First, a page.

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I love to sing. It’s become my favourite form of musical expression after leaving my very battered, but ever so faithful, piano behind when I came to university five years ago. Just as there’s something so physical about playing piano, as though there is a direct connection between your feelings and fingers, when I sing, it’s a way for me to get my emotions out and into the open, a way to channel my frustration and make something come of it, however fleeting. It validates it somehow – I can hear the quavering in my voice, and the force behind the lyrics, and for someone who struggles with identifying emotions, it can help a lot. It tunes me in when I feel like all I’m surrounded by is white noice. (nb I am not GOOD at singing – I am just enthusiastic. When I founded my choir, we had to make it non-auditioning just so I could sing in it myself. People never seem to believe this until they have the misfortune of standing next to me and realising that when I say I can’t sing, it’s not self-deprecation, it’s actually a massive understatement. The surprise on their faces would break several mirrors. Perhaps this is why I’ve had bad luck recently…)

I am someone who literally sings to bursting with joy (when it comes for a rare visit), and, when I’m down and out, turns readily to literally singing the blues. I’ve found that my ability to sing at church is a direct expression of how I’m feeling towards God at the time – in the most painfully isolated weeks where I was so very convinced that God had once and for all abandoned me to my misery, I could not sing at all. I couldn’t open my mouth and force out songs of praise, faith and healing. Unlike David in Psalm 40, there was no song there to be had – I was spiritually struck dumb. There’s a wonderful verse in Job about a harp being tuned to the sound of mourning, and that’s just how I feel sometimes – no matter how hard I try, when I’m being pulled under by depression, I just can’t shake it, can’t find a new song to sing. I’m tuned to the key of grieving and hard as I try, just cannot modulate away from it. In those weeks, I couldn’t locate the heart that drives my songs, couldn’t find my soul in amongst so much emptiness and despair, and found that in standing silently amid the worshippers, my sense of detachment only exponentially increased. Music binds us together so often, but can also tear us apart when it so choses.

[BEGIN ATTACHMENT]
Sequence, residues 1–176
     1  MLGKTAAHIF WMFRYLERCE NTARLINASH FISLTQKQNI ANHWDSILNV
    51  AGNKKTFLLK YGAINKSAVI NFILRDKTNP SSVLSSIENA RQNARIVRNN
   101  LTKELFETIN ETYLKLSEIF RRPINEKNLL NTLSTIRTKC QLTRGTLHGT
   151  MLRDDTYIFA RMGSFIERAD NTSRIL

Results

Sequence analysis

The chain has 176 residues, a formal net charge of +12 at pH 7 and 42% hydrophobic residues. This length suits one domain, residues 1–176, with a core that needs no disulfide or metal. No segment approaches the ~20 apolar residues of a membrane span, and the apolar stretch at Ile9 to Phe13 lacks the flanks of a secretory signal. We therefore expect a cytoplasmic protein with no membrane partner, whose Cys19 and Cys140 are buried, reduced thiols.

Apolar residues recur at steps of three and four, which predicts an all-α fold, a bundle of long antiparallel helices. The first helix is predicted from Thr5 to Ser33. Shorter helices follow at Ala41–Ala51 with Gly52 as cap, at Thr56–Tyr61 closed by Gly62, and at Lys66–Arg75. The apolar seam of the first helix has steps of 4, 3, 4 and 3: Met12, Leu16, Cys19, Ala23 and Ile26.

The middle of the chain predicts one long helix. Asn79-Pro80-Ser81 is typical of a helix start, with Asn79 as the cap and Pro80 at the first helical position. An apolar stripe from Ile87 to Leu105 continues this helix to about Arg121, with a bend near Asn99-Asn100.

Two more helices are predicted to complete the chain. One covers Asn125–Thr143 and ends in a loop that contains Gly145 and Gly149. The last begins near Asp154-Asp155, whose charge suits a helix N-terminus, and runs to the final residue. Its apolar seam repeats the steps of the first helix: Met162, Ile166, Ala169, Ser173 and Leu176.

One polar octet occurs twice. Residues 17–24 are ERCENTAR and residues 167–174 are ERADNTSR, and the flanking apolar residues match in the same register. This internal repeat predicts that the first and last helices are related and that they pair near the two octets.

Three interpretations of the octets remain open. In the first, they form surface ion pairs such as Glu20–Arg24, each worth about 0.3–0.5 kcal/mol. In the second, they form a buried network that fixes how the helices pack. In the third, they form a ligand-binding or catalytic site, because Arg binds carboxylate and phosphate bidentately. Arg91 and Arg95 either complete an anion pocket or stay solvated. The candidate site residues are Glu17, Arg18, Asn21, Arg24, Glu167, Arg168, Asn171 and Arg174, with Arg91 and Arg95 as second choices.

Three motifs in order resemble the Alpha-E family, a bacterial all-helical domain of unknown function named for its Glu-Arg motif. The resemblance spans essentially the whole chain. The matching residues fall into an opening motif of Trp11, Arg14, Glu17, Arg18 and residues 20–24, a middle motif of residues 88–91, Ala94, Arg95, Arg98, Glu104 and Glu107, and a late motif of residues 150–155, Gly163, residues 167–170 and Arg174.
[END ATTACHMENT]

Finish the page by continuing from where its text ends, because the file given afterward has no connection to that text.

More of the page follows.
Just as when I cannot pray I turn to the Lords prayer in it’s simplicity, sometimes when I feel most wiped blank and most like an untamed wilderness inside, I turn to singing hymns, as the words are already there for me to say to God, and all I need to find is a personal yearning behind them to make them resonate with truth. This week I’ve had this song at the front of my mind a great deal, and in singing it so often, I’ve realised that I actually sort of disagree with it.

(this isn’t my favourite recording of this, but due to the limits of youtube and my patience, it will have to do)